Now healthy, Twins prospect Matt Wallner uses Arizona Fall League as period of growth
He was 99% sure it was hamatous bone.
His self-diagnosis was correct, and although a broken right hamate, which required surgery to repair, was better than some of the alternatives – like damage to tendons or ligaments – it still altered the trajectory of what appeared to be a season of escape.
Wallner, a Forest Lake native selected by the Minnesota Twins with the 39th overall pick in the 2019 Draft, returned to Class A Advanced Cedar Rapids about two months later. His hand, he said, didn’t feel quite right until he took a short break after the regular season. On Friday, he completed a painless stint in the Arizona Fall League, playing with and against some of Minor League baseball’s top prospects.
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Wallner took time off between the end of the regular season and the start of the Fall League, allowing himself to rest his hand for the first time since the surgery. During his entire time in Arizona, it didn’t bother him “a bit,” he said, and he was able to take the opportunity in Arizona to make up for the batting he missed during the course. of the season. Wallner finished his time in Arizona with a score of 0.303 with a base percentage of 0.405 and a slugging percentage of 0.606 (1.011 OPS), scoring six homers in 18 games.
“(I) definitely still struggled at times and did well at other times, but it’s just a learning curve anytime,” Wallner said. “Playing with other people when 99% of the other guys aren’t playing definitely gives me an advantage, which is really a good thing.”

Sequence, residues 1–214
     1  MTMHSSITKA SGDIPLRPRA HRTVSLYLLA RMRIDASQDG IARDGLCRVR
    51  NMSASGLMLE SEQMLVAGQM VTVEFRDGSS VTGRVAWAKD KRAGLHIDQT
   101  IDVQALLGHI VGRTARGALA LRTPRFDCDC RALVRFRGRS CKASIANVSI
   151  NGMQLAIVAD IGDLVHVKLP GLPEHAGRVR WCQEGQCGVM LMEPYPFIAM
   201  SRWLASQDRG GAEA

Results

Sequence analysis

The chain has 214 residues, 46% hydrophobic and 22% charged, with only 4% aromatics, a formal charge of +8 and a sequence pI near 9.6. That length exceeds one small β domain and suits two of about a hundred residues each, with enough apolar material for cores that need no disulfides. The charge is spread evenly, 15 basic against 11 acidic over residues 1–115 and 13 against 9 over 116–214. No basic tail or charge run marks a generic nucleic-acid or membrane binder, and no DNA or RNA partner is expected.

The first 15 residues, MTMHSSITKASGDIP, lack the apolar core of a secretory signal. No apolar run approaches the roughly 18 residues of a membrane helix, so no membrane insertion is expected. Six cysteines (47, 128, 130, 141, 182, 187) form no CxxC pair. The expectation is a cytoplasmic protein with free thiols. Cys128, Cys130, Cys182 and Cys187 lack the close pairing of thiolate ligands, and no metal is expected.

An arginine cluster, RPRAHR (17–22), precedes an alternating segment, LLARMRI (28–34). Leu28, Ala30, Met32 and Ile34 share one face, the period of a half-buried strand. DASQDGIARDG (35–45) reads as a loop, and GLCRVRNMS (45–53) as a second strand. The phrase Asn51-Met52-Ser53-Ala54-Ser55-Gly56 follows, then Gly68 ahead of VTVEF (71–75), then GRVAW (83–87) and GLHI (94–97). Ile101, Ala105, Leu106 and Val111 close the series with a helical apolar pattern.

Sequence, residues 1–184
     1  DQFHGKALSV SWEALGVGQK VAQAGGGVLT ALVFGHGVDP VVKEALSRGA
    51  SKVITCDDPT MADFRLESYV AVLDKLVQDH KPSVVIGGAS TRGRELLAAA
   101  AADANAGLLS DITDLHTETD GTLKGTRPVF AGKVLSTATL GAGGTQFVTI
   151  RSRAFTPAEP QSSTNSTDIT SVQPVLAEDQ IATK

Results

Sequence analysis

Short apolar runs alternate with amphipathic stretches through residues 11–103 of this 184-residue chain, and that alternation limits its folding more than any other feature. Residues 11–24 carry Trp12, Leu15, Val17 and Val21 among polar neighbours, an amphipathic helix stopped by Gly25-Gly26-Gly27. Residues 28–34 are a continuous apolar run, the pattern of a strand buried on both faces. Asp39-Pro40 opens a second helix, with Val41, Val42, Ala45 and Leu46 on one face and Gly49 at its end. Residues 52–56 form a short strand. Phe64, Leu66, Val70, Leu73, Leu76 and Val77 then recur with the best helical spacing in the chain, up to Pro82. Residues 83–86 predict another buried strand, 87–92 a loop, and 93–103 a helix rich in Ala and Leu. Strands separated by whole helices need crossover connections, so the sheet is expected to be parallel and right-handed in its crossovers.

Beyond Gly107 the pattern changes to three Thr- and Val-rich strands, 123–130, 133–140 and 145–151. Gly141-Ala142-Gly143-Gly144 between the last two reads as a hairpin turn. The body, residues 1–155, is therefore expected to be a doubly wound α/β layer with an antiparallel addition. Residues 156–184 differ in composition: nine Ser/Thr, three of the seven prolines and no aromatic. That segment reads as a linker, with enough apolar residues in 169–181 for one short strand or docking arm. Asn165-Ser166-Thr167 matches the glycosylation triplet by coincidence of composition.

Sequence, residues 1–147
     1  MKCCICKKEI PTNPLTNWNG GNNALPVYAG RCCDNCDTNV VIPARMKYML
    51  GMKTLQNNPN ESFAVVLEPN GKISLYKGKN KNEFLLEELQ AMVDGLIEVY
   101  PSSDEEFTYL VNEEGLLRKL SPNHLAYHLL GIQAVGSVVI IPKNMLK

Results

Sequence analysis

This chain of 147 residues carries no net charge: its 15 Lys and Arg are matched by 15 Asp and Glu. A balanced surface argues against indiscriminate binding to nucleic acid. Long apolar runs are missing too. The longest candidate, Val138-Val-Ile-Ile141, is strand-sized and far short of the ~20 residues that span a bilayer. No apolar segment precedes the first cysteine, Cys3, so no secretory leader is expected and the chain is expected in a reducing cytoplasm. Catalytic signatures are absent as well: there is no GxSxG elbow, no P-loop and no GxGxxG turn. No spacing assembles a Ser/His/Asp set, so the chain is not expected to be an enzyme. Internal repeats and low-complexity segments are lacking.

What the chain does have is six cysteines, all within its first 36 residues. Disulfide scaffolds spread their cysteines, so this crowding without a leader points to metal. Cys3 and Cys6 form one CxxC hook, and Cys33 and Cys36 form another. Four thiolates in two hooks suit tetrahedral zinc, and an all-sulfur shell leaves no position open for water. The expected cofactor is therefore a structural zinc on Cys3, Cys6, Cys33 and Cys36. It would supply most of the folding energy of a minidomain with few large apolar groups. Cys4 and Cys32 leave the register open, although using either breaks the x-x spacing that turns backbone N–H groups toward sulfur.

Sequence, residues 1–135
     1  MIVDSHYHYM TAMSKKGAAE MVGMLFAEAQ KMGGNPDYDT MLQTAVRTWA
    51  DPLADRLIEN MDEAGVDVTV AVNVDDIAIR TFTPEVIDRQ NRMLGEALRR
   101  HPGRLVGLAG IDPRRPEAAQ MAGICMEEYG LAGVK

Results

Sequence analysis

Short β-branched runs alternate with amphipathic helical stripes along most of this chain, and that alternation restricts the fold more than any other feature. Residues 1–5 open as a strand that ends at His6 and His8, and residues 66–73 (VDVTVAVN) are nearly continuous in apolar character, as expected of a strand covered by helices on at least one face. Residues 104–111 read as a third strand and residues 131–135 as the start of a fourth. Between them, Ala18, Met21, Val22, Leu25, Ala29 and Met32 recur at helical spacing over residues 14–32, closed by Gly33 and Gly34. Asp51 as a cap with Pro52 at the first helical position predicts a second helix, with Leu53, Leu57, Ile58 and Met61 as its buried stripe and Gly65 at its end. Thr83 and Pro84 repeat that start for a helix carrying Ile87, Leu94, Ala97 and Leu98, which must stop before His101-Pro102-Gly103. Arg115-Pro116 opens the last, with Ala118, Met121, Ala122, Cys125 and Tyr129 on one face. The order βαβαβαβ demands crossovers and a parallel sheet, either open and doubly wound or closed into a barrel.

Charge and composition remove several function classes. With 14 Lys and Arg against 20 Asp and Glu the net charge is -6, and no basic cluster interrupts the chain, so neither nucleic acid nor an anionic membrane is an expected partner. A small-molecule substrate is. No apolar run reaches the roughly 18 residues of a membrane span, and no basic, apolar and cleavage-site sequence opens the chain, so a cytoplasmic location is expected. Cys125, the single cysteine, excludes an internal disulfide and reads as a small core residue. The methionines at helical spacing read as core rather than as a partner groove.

While he had hoped to hit less – the outfielder was called out in 34 percent of his home plate appearances – he walked nine walks, which he was happy about. Wallner hit on a similar clip during the regular season, fanning a third of his home plate appearances at Cedar Rapids.
“I definitely hit a bit more than I would have liked, but I think I also walked at a decent pace. So that’s definitely the key for me and just one thing at a time, ”he said. “The walks (are) good, but I think learning some of the throws that I can and can’t handle until next year will hopefully (help me) keep working on fewer shots and put the ball more into play. “
Wallner finished his regular season with a score of .264 with a base percentage of .350 and a slugging percentage of .508, scoring 15 homers in 66 games for the Kernels. Before the injury he was cutting .333 / .384 / .621 and after the surgery and rehab – which was done at the Twins’ facility in Fort Myers, Fla. – Wallner noticed he was unable to take some of the swings he could. normally make and hit some of the throws he would normally hit.
Now he’s back where he physically wants to be and plans to spend the rest of the off-season training in Mississippi, where he has found a spot near his college, the University of Southern Mississippi.
But first, he will enjoy a well-deserved leave after his stint in the AFL.
“It’s just cool to bounce ideas off different guys and strategies that they have in the game, on the plate, on the field, whatever,” Wallner said shortly before the AFL ended. “I have definitely learned a lot since being here, even in just six weeks. So that was really good for me.